In times of global strife, especially stemming from natural disaster, all available agencies seem to step into place and offer easy, direct ways to donate and help make a difference; Facebook has always been at the forefront of connecting people with places where they can donate to aid relief efforts. Previously, the social network acted as a pipeline for donations to the American Red Cross, but in the wake of Hurricane Harvey, Facebook has begun to steer donations and donators to a small, relatively unknown charity called the Center for Disaster Philanthropy (CDP).
For many years, the Red Cross was the go-to charity when it comes to disaster relief efforts. In 2013 following Typhoon Haiyan and in 2015 during the Ebola outbreak, Facebook users were prompted by a button on their home feeds to donate money to the cause through the Red Cross. Even now, President Trump and former President Obama, alongside numerous other celebrities and corporations, are donating copious sums to the charity giant. So what prompted the largest social network in the world to break from the norm and reroute hopeful humanitarians to a much smaller nonprofit?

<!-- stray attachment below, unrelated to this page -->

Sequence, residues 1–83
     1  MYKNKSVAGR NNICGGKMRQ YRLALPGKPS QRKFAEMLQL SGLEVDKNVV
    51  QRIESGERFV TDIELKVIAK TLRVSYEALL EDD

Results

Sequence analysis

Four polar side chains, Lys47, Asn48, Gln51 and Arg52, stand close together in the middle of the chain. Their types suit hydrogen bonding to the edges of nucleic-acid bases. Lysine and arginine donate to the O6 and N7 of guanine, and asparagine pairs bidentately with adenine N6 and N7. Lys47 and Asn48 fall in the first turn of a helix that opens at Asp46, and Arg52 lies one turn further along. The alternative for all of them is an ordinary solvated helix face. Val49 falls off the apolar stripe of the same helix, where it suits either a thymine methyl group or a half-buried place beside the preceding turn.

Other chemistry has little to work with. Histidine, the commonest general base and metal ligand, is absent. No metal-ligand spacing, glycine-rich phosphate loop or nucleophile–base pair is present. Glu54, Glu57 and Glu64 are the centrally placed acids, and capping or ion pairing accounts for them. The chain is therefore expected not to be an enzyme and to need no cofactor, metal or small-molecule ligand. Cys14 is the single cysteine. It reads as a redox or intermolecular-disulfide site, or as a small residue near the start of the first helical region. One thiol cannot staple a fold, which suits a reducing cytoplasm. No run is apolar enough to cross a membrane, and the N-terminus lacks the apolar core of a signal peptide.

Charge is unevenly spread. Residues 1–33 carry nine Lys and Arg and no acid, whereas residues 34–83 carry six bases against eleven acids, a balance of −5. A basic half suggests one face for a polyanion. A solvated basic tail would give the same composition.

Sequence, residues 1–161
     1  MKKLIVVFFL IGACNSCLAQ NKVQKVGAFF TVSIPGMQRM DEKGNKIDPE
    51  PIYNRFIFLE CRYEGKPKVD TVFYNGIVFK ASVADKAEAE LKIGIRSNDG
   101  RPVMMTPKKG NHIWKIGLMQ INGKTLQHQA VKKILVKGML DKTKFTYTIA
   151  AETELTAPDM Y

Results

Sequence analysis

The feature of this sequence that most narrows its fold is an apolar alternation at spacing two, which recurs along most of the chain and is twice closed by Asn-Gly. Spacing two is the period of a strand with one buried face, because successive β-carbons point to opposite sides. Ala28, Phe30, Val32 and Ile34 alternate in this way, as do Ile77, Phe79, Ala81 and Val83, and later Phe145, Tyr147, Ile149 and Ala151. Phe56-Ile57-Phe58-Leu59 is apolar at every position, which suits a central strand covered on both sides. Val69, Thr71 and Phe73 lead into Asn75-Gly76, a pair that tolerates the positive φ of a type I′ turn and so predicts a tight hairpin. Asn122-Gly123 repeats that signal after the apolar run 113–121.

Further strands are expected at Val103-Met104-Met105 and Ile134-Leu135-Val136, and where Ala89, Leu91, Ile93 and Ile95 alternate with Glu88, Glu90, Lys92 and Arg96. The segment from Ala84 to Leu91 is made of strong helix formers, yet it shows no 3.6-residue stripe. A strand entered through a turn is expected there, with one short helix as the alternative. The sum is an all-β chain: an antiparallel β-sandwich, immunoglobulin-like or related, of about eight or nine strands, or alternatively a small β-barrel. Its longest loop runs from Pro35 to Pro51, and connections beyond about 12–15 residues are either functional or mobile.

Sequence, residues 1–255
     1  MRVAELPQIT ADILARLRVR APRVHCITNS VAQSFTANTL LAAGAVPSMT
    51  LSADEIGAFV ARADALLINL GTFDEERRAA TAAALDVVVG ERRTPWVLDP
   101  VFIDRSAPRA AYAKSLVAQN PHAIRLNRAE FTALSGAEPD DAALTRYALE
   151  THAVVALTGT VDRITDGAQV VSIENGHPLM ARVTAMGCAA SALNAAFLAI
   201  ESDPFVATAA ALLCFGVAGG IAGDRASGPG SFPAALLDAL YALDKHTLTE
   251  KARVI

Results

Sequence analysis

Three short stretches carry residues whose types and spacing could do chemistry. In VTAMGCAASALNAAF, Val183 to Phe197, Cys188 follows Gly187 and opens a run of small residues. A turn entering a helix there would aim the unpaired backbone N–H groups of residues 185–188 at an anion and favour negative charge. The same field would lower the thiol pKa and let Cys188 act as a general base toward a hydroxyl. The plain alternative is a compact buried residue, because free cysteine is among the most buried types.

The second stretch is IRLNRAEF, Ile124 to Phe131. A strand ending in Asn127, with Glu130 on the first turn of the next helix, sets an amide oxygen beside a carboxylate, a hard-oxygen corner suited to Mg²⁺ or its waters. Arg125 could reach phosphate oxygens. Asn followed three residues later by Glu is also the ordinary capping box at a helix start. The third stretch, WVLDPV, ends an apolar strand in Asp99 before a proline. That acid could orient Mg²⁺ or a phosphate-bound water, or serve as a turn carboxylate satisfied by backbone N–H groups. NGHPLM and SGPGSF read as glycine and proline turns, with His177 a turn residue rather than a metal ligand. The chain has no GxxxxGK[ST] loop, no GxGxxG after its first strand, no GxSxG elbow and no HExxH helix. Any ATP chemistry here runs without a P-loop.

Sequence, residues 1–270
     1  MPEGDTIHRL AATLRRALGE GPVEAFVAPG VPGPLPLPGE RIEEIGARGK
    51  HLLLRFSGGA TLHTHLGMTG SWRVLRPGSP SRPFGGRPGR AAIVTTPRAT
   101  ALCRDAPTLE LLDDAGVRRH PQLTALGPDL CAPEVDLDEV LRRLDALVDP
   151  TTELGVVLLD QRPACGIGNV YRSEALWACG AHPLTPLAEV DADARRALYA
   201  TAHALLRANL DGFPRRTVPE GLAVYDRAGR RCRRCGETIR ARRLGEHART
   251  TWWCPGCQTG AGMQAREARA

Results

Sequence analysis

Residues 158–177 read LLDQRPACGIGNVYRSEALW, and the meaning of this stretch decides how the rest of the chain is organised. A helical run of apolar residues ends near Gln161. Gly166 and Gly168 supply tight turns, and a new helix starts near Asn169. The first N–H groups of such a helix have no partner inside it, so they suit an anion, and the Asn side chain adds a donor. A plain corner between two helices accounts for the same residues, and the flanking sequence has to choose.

Plainly put, the Red Cross caught a lot of backlash and criticism for how it handled the 2010 earthquake in Haiti and the subsequent millions of dollars it raised for relief. Following the devastating disaster, millions of people donated to the Red Cross which collected nearly half a billion dollars to help recovery efforts. It pledged to use the $500 million to help rebuild the devastated areas with new homes, roads, and schools.
However, we’re now seven years after the fact and, while the Red Cross claims to have provided housing to over 130,000 people with that money, only six permanent homes have actually been constructed. While the organization is vastly experienced in the realm of providing emergency disaster relief, it is woefully inexperienced when it comes to rebuilding after a disaster in a developing nation. It also appears to have grievously miscalculated the number of Haitians whom the relief efforts impacted, citing the number at 4.5 million Haitians: Jean Max Bellerive, prime minister of Haiti during the earthquake, notes that this simply cannot be possible as the number of Haitians affected by the crisis did not even come close to 4.5 million.
All of these discrepancies, a desire to get help where it’s needed in as timely a manner as possible, and a goal of changing how people view donations were what prompted Facebook to partner with CDP instead of the Red Cross. In less than four hours after announcing the partnership, CDP reached Facebook’s matching goal of $1 million.